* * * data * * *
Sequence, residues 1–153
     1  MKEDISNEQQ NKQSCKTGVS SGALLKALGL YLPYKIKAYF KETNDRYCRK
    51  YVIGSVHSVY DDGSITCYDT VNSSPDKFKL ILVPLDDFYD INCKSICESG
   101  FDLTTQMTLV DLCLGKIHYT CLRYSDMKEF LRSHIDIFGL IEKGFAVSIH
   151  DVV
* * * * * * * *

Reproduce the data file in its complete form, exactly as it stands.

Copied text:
Sequence, residues 1–153
     1  MKEDISNEQQ NKQSCKTGVS SGALLKALGL YLPYKIKAYF KETNDRYCRK
    51  YVIGSVHSVY DDGSITCYDT VNSSPDKFKL ILVPLDDFYD INCKSICESG
   101  FDLTTQMTLV DLCLGKIHYT CLRYSDMKEF LRSHIDIFGL IEKGFAVSIH
   151  DVV